In an opinion article in Saturday's Independent Kehinde Andrews claims that the voices of the 73% of Black and 67% of Asian voters who opted for Remain in the 2016 referendum are missing from the Brexit coverage and debate. Ethnic minorities for the most part "...were not persuaded by visions of romantic past in which we were colonised and enslaved." Pointing out that the 7.5 million people from ethnic minorities are a larger population than Scotland and Northern Ireland combined, she says: "...it is high time that these voices are no longer marginalised. Unfortunately, as is usually the case, it is the will of white English people that is being represented as that of the nation." Read the full article here.
On BBC's Question Time on February 7, the panel was asked about the recent debate about actor Liam Neeson's alleged racism. The response given by model and author Eunice Olumide included a brilliant summary of the history and legacies of colonial slavery. Eunice spoke eloquently of "the elephant in the room" – the transatlantic slave-trade and colonialism – "which no-one ever wants to talk about, despite the fact that it is one of the most significant and horrifying points of history, probably in the entire existence of human beings." Find the programme here on iPlayer – Eunice's response starts at around 39 minutes.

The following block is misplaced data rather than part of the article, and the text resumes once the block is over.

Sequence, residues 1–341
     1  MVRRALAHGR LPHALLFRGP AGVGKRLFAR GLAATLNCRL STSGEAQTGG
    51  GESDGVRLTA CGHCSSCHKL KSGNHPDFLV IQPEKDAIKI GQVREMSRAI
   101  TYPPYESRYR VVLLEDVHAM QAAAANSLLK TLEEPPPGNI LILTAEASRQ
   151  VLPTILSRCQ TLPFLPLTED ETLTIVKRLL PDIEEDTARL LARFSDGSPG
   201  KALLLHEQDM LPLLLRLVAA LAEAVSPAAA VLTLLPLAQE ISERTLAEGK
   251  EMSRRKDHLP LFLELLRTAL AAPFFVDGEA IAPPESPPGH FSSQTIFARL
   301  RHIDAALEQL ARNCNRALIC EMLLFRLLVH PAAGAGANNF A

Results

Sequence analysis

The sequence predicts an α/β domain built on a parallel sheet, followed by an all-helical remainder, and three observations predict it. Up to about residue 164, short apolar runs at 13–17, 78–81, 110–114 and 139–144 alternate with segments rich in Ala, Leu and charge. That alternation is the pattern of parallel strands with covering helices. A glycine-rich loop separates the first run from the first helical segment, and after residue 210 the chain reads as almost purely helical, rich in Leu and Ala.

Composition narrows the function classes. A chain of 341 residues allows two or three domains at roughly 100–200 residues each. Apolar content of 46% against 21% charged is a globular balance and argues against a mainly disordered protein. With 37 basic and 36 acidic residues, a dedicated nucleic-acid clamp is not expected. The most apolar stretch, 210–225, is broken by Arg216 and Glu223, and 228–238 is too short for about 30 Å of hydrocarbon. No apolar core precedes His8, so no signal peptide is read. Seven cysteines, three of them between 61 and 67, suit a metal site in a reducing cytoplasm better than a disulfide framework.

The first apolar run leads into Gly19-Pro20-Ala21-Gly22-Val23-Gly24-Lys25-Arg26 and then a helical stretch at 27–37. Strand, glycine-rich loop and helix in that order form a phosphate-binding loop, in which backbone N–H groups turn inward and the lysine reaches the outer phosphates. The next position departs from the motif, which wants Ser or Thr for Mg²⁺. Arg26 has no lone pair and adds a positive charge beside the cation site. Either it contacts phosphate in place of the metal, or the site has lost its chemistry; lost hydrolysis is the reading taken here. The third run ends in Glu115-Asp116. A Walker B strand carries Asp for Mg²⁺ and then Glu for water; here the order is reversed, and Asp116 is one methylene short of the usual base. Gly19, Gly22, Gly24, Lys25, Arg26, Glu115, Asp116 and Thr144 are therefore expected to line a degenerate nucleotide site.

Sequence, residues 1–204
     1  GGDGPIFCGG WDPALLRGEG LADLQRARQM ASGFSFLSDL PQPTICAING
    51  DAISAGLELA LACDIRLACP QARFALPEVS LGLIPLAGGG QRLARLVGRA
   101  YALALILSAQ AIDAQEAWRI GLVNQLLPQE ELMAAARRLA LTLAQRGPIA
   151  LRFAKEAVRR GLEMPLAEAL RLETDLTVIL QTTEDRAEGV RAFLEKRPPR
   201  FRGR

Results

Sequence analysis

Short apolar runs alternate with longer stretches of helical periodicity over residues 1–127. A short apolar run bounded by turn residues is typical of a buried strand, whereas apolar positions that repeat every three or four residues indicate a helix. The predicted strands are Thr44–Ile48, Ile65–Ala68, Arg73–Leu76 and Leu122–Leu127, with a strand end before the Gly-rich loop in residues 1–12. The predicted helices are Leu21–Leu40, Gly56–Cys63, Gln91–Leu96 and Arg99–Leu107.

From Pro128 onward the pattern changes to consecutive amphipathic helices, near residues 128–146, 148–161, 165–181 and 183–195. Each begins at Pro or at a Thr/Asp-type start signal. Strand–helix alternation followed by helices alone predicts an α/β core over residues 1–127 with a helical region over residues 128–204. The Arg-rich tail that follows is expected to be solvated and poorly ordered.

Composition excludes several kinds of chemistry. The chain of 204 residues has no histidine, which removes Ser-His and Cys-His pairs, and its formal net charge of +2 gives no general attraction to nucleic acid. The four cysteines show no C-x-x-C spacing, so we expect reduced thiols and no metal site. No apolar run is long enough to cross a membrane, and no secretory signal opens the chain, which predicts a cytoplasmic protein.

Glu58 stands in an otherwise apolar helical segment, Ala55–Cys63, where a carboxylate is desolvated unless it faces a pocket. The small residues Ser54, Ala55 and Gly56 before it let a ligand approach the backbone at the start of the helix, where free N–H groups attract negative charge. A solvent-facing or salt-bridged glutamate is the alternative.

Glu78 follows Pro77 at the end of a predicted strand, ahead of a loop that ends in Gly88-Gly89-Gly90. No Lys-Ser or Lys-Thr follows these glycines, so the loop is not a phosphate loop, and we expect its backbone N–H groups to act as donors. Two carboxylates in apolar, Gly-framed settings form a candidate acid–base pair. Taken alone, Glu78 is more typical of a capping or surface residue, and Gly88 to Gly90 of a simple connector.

This article on Jerry Seinfeld calling out some fellow comedians on their use of the N-word makes the important point that "it’s important to realise that non-black people like Seinfeld have a much easier experience when it comes to calling out racism." For starters, non-black people "are less exhausted" because it is black people who "currently bear the brunt of the responsibility when it comes to educating people about racial insensitivity." Non-black people don’t have to address these issues daily or need to "worry about being cast as an 'angry black person' (an insidious stereotype designed to silence righteous indignation)." Non-black people confronting racist behaviour amongst their own means "engaging with issues that don’t affect us, and supporting the arguments of people who experience oppression." It should not be the rare praise-worthy exception as here, but "the very least we can do". Read the full article.
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